Is the age of ten-dollar eighths upon us?
A great price crash in marijuana could be in the offing after Tuesday’s election—as well as hordes of heretofore-illegal cannabis farmers filling out job applications.
While quality and choice have improved and expanded remarkably for the cannabis consumer even over the span of a few years, the retail price of cannabis has remained remarkably steady in most markets.
Between $30 and $40, give or take $10-to-$15 for top-shelf or some B-grade, is the rough asking price for 3.5 grams of cannabis at most retail medical-marijuana dispensaries.
There’s a little bit of variation based on geography—it’s easier to spend $30 on an eighth in Denver than it is in Oakland and San Francisco, where it is very easy indeed to spend $50 or more—but the $40 benchmark has proven remarkably resilient, even as the cannabis industry has matured from a street dealer’s hustle to a venture capitalist’s portfolio.
Soon, marijuana will be an agricultural a commodity just like any other (albeit much more strictly regulated), and over time market forces will determine the price.
But there are some special circumstances to this particular commodity.
Until now, the retail price of cannabis has remained steady even as the commodity’s wholesale price—that is, the price growers receive from retail dispensaries—has steadily dropped over the past five years.
But that’s in the context of a market just beginning, still subject to myriad state and local restrictions, and generally preceded by the special circumstances of the medical-marijuana economy.
However, if five states legalize recreational cannabis for adults on Election Day, the number of Americans living in states where no medical recommendation is necessary to buy cannabis would triple overnight.
Let’s look at California. A suddenly much-larger new market (that is, once the legislature works out the adult-sale machinery) might create a logjam in supply, raising prices. But so many large-scale farms have been readied for legalization that that shouldn’t happen. Evidence of this trend can be found around the state, as rural areas with weak economies permit bigger and bigger grow sites.
The real price plunge will come for consumers who’ve been buying it on the illegal market. The price of pot has always been artificially inflated—thanks to Prohibition. For decades, the plant was grown, harvested, processed, shipped, and sold in—at best—a legal gray area. Any black-market commodity carries a black-market markup. As cannabis becomes legal, economists and observers agree, that premium will evaporate, and the price will drop.
With that artificial tariff gone, and all sorts of new actors entering the business, cannabis should become a buyer’s paradise, with a glut of supply. And as the San Francisco Chronicle observed, that could mean an absolute crash in the price of cannabis for producers and retailers alike.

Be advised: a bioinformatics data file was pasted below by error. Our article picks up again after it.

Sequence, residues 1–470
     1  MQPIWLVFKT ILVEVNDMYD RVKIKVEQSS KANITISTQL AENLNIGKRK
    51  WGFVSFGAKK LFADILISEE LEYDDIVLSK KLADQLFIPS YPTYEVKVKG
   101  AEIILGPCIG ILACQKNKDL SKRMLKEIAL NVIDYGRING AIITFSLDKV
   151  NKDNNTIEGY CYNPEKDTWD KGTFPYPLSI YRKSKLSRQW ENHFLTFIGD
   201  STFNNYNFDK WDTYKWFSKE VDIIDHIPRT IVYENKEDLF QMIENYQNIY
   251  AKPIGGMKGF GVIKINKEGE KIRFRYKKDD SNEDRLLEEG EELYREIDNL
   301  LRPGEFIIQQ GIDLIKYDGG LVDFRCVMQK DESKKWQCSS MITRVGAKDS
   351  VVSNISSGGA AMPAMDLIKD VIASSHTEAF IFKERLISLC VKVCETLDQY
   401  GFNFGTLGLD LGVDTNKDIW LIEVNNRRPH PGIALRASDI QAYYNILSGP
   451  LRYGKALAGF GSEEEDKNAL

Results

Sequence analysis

Just how far the price of marijuana will drop is an open question. Some growers pegged the hit to their bottom line at 30 to 40 percent; they may pray for such a minor hit if the 2010 estimate given by the RAND Corporation–90 percent below the then-current illegal-market price–comes true.
Other states have seen wild fluctuations in the price of pot—but this was thanks in part to constricted supply. Cannabis prices in Washington were as high as $25 a gram or more before most cultivation centers came online; prices now have stabilized to around $10 a gram earlier this year—that same magic $35-to-$40 figure—to as low as $3 a gram, the Chronicle reported.
Or even lower than that. That 2010 RAND study guessed that the cost of producing a pound of cannabis could drop to between $150 and $300. Compare that to wholesale prices of $1,000 (or less) to $2,500 for top-shelf, and it’s easy to see room for a massive price crash.
That said, cannabis is labor intensive, and some of the human toll is baked into the cost of the finished product. Top-shelf buds will likely never be machine-trimmed, as the rough handling shakes loose too many trichomes and terpenes. There will be also be a market for mass-produced cheap cannabis. Just how big either market will be remains to be seen.
As the Chronicle noted, we might see companies turn toward “higher-margin, value-added, highly processed goods” for special clienteles.
But if the crowd-sourced data on websites like Priceofweed.com is accurate, the great price crash is already happening. Users report purchasing high-quality ounces for as little as $100.
The alcohol comparison is beat to death, but look for something similar to what happens to other legal agricultural commodities. Plants with high yields that are easy to grow—think: Blue Dream—will almost certainly come cheaper, while tricky, finicky plants with small yields—thin and spindly sativas like Jack Herer and Sour Diesel—will be more dear.
Either way, you’ll stop paying black-market prices to black-market people.
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